AS with most countries across the world, Spain’s Christmas and Three Kings celebrations centre around three core ingredients, family, laughter and food.
Traditionally in Spain, Christmas Eve or Nochebuena is celebrated as the main family day, with a large meal being served to the whole family before attending a midnight mass called La Misa Del Gallo.
Food plays a huge part in the celebrations, so lets take a look at some of Spain’s traditional Christmas delicacies.
Turron is probably one of the most popular sweet treats across Spain during Christmas Time.
Made from almonds, this type of nougat originally comes from the Alicante region.
These days it can be found mixed with peanuts, candied fruits or chocolate and can range from bite sized treats for kids to exclusive high end truffles.
Polvorones and Mantecados
Similar to Turron, these heavy and sweet ‘biscuits’ known as Mantecados can be found in Pick n Mix sections of supermarkets across the country.
Made from lard and sugar, they are an Andalucian speciality and are commonly found in Antequera and Cadiz and Almeria.
The recipe has remained relatively unchanged since the 16th century, apart from now you can find different flavours such as vanilla, lemon or chocolate.
Roscon de Reyes
The impressive Roscon de Reyes is Spain”s version of the Christmas cake and is traditionally eaten on Three Kings on January 6.
It consists of a large bread ring topped with sugar and candied fruits, sometimes filled with whipped cream.
Plastic toys are hidden inside the ring for the children to discover with each slice and sometimes a dry bean is placed in the middle. Whoever finds the bean pays for the Roscon!
The equivalent to British sherry, Jerez Dulce is a sweet liquor made from a blend of Moscatell and Pedro Ximenez grapes.
As the name suggests, the most famous place to find this tipple is the Andalucian town of Jerez de la Frontera, the town it was first discovered in 1100 BC.
Moving further north, to the Catalan region of Spain, many celebrate Christmas with a tasty soup known as Sopa de Galets.
Eaten usually as a starter, Galet Soup is a meaty broth containing large pasta shells containing mice meat.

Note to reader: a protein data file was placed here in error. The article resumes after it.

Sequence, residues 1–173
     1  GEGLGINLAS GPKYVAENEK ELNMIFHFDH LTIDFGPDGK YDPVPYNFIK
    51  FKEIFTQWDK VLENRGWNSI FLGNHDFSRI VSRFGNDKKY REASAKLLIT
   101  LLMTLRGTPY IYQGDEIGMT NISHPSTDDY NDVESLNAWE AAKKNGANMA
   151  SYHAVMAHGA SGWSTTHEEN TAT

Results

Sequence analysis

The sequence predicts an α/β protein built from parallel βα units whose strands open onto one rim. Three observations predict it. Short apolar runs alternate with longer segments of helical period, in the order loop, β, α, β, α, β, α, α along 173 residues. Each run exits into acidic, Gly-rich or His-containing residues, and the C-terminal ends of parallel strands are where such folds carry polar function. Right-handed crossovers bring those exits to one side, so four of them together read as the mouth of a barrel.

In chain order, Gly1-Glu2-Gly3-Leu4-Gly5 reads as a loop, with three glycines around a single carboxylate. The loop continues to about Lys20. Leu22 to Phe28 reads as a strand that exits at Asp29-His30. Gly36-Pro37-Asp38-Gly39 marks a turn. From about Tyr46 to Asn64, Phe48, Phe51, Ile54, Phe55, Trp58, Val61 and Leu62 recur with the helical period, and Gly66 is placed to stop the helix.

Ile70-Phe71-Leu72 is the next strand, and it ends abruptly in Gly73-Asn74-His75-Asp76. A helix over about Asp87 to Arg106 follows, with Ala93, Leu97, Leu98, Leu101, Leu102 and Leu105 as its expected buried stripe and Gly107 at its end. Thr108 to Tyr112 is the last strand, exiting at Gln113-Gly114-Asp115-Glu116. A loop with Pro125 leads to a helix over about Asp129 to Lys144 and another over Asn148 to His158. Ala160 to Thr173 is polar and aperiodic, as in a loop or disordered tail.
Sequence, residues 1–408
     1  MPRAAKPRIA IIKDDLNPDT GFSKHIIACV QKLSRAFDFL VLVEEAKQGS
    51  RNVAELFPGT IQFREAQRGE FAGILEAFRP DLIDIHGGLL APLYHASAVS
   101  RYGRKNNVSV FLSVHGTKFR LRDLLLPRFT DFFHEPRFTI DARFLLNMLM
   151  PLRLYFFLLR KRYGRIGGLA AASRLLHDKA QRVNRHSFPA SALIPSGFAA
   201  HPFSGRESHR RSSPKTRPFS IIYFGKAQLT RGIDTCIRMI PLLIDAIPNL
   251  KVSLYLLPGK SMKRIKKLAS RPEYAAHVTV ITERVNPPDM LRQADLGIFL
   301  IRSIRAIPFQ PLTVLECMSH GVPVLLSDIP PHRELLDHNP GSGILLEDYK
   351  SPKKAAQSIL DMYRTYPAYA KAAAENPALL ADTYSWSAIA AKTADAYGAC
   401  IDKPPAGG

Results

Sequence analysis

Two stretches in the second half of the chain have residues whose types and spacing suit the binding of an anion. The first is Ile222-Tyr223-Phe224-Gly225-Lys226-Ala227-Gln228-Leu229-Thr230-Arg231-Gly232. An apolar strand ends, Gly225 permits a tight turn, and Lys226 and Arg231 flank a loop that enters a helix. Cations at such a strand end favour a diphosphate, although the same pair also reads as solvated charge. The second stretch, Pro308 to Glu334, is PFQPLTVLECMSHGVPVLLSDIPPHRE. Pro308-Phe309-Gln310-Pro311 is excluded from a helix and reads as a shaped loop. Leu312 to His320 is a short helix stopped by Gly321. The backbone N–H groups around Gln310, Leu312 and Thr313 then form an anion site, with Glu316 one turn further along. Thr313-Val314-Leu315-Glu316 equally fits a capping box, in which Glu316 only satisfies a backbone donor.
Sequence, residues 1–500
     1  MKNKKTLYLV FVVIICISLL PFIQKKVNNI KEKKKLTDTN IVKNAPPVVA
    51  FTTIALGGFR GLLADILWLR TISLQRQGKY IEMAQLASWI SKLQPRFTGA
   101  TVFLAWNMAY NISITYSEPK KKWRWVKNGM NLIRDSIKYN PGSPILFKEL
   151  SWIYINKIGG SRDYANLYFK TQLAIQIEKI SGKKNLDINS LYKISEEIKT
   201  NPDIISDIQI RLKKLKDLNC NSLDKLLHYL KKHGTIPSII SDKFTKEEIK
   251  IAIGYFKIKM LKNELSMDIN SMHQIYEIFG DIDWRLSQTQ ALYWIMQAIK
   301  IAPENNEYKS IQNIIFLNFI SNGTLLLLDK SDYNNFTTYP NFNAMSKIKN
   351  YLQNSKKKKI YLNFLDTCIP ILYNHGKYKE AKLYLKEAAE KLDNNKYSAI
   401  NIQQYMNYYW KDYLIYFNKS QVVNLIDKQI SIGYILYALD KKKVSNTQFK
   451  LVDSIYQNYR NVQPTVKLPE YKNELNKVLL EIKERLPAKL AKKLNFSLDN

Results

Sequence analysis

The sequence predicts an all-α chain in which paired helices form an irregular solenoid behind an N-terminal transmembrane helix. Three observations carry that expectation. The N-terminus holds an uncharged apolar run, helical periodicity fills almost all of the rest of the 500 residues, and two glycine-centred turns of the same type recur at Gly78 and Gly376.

Its origin is unknown but it is thought to have originated in southern Italy before making its way to Spain.
Most Christmas meals in Spain will usually start with a spectacular presentation of entremeses.
Entremesas usually consists of popular cold cuts and Spanish cheeses laid on a plate for the family to take and share before the main meal, however the term generally refers to anything that can be classes as an ‘appetiser’.
On most plates of entremeses, you can find jamon serrano, morcilla, chorizo and cheeses such as queso de cabra and manchego.
Instead of turkey, Yorkshire puddings and pigs in blankets, Spaniards enjoy a tasty variety of seafood across the Christmas period.
Most popular are shellfish and mussels, with many enjoying platters with lobsters, crab, langostines and tallarinas.
Another popular wy to enjoy the tastes of the seas is in a soup called Sopa de Marisco.
Whilst the appearance of a Toston Asado, or Suckling Pig, is not for everyone, the dish is a staple across parts of Castilla la Mancha and Aragon areas of Spain.
The dish traditionally involves slow cooking the pig on a bed of potatoes and onions until the skin is crispy and the meat is tender.
It is thought the dish originates in the 17th century in the region of Castile where it was served in bars and soup kitchens.
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